72. While views differed on whether intensification of conflict could have been foreseen, the authorities agreed that the Fund should have reacted more swiftly to the deteriorating situation. The authorities generally concurred that the program strategy should have been changed by the time of the First Review (July-August) when it had become clear that the conflict would last longer and have deeper effects on the economy, including on trade, military spending needs, confidence, and ultimately, financing needs. They noted that the delay in moving to the EFF contributed to reserves dropping to critical levels and the exchange rate depreciating significantly in the interim, weakening the economy further.

73. The authorities noted that not pursuing an earlier debt operation, upon the Fund’s recommendation, and the Gazprom payment, placed considerable strain on the economy. The authorities explained that, at the time of the SBA program negotiations, they initiated discussions with private creditors to undertake a debt reprofiling deal, which included $2 billion in additional financing. The operation was not pursued, following the IMF recommendation, but this is now seen as a missed opportunity to regain market access and prevent a liquidity problem from becoming a solvency problem. Furthermore, they noted that the Gazprom payment, a prior action for the First Review, was untimely as reserves were already under sizeable pressure due to capital outflows and domestic political uncertainty. Meanwhile, the promised financing from IFIs for winter gas purchases did not materialize within the initially envisaged timeframe due to unforeseen technical details, resulting in a 9-months delay.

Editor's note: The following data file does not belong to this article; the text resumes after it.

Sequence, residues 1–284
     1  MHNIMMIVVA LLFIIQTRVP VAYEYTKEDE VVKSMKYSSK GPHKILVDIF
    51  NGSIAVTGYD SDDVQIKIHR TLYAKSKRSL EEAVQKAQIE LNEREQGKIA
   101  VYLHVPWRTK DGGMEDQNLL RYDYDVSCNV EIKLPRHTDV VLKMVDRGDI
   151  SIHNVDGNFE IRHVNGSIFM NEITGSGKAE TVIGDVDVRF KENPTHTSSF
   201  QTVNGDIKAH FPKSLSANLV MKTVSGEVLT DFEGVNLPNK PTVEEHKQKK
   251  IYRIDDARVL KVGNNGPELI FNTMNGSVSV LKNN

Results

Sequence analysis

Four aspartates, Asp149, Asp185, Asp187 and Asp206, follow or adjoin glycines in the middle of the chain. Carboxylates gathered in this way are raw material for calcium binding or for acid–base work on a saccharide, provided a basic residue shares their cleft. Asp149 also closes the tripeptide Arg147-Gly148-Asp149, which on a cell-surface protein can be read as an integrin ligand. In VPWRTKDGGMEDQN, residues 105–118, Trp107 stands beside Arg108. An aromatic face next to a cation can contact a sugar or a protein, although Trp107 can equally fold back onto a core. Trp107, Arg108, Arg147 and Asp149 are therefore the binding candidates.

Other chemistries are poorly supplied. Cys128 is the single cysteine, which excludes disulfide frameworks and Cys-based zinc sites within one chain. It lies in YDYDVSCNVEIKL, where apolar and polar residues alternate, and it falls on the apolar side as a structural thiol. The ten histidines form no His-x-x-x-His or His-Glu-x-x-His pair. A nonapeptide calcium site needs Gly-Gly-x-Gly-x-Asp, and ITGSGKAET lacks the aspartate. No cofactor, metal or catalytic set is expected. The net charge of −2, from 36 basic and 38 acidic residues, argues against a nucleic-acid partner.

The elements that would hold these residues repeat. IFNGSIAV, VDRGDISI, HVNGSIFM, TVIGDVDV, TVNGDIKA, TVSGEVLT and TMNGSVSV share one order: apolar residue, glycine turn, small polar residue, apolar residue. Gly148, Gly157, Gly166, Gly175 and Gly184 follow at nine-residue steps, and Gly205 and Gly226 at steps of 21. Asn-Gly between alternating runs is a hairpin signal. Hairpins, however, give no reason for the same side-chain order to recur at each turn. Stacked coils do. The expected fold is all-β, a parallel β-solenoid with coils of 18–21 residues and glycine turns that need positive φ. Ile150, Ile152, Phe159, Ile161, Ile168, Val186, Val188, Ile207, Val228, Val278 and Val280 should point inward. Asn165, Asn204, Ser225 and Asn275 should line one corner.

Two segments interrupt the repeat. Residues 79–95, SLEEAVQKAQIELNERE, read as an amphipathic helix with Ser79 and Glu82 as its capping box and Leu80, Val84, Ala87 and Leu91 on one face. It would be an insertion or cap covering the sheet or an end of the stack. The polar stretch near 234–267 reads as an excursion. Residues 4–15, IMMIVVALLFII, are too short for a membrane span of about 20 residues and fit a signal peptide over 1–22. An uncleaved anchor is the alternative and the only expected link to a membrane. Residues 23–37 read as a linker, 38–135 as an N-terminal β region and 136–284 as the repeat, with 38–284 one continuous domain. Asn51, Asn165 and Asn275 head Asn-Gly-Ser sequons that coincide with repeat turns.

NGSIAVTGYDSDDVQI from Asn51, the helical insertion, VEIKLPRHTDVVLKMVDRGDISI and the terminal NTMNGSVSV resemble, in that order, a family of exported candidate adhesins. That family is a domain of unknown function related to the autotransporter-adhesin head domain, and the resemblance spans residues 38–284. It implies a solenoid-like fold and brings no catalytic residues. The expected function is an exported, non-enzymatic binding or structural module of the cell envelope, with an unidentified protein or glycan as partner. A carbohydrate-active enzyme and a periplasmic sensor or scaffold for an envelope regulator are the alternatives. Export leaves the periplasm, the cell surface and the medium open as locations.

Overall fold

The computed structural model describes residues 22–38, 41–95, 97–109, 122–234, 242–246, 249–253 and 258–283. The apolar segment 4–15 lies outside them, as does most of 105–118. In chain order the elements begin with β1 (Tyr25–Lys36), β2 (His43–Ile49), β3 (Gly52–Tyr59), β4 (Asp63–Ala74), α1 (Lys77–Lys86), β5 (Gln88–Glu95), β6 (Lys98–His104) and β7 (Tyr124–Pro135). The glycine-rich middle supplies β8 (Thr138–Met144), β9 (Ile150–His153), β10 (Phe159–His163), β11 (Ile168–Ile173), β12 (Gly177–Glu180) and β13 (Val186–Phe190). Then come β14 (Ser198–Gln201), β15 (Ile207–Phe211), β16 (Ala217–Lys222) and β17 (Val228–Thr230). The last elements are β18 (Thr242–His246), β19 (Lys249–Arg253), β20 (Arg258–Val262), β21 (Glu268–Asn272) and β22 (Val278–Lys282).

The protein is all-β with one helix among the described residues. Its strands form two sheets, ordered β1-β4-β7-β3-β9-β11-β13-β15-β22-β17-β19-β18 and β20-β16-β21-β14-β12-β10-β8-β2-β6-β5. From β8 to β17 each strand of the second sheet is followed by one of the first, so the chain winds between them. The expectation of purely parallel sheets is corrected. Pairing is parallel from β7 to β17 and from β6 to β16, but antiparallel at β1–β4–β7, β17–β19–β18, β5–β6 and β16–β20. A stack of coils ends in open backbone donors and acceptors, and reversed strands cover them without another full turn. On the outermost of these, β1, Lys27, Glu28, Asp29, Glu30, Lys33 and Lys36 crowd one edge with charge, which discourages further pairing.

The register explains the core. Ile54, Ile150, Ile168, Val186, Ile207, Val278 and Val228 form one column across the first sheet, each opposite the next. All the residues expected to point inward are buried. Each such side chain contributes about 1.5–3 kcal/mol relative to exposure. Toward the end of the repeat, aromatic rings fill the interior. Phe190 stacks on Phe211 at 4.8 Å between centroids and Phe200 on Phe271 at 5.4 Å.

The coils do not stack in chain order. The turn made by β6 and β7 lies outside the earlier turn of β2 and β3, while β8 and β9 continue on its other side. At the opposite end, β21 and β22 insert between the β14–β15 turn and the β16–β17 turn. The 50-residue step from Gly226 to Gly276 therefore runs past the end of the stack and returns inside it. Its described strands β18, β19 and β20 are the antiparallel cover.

74. On specific program policies, the authorities had the following observations:

  • Monetary and Exchange Rate Policy: The authorities pointed out that while the program targeted a tight monetary stance, the monetary targets ended up being too loose, allowing the fiscal deficit to be monetized and reserves to fall to uncomfortably low levels. While views differed on whether the move to inflation-targeting in mid-2015 was too ambitious, the authorities agreed that the objective was useful as a basis for abandoning the fixed exchange rate regime. The NBU noted that the transmission mechanism of the interest rate policy was not effective due to the vulnerabilities in the banking sector. On capital controls, the authorities and private sector members criticized the Fund’s market approach to the escalating conflict and argued that the comprehensive and tight capital controls introduced in February of 2015 should have been introduced earlier in 2014.

  • Financial Sector Policies: The authorities were critical of the program’s target of providing emergency liquidity assistance to banks which they believed placed considerable strain on an-already depreciating currency and contributed to capital flight and deposit outflows. They were also highly critical of the quality of the AQR conducted by the independent auditors but noted that it provided the groundwork to build the institutional infrastructure within NBU to properly conduct banking sector diagnostics leading to more effective subsequent AQRs and some progress on the related-party lending problem.

  • Fiscal and Energy Sector Policies: While the authorities agreed with the fiscal tightening objectives of the program, they cautioned against adopting unpopular measures with low yield, such as freezing pensions and minimum wages. On tariffs, the NBU and Naftogaz would have preferred faster tariff increases under the program, but the Ministry preferred the gradual approach of the program to avoid straining the accompanying subsidy scheme.

75. The authorities emphasized the need for contingency planning in a conflict situation and suggested a number of takeaways for future engagements. They recommended that the Fund be “flexible and creative” in reacting to unconventional circumstances such as an escalating conflict. They gave as examples collaborating more with other partners, market analysts and experts in areas where the Fund lacks expertise, and rethinking following a market approach in a conflict situation, and having contingency plans in place. The authorities and private sector members saw a need for the Fund to closely study the political environment, engage different factions, and communicate the benefits of reforms more widely to the general public to strengthen ownership. They also found strict conditionality useful and suggested even or back-loaded programs to maintain reform momentum.